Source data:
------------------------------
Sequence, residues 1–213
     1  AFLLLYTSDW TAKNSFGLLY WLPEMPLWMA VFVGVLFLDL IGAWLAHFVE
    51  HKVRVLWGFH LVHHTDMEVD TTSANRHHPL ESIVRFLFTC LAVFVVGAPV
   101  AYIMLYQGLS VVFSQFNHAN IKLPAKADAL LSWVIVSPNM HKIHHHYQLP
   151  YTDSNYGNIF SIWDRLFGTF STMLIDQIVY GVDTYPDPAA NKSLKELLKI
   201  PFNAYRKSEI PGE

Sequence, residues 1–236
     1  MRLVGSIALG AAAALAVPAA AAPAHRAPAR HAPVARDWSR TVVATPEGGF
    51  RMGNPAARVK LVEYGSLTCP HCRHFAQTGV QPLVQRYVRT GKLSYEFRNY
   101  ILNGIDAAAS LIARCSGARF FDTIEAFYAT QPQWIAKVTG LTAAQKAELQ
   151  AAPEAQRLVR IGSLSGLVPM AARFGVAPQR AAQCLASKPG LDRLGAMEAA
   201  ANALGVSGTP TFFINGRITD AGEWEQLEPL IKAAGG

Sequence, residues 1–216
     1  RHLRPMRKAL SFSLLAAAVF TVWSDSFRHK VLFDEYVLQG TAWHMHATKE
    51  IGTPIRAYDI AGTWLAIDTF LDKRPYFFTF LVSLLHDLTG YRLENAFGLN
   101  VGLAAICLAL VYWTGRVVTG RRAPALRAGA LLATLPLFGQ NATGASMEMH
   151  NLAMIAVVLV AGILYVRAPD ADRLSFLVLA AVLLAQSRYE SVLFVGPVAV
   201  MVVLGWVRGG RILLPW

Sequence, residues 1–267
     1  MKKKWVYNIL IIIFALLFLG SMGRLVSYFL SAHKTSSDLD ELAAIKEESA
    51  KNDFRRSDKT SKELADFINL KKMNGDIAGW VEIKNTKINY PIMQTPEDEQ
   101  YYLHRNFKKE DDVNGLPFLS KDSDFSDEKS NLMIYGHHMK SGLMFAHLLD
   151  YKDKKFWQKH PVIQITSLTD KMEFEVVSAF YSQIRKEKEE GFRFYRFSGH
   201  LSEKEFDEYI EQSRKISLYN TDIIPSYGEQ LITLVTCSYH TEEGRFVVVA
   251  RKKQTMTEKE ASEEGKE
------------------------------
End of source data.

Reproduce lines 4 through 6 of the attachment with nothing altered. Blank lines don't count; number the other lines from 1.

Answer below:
   101  AYIMLYQGLS VVFSQFNHAN IKLPAKADAL LSWVIVSPNM HKIHHHYQLP
   151  YTDSNYGNIF SIWDRLFGTF STMLIDQIVY GVDTYPDPAA NKSLKELLKI
   201  PFNAYRKSEI PGE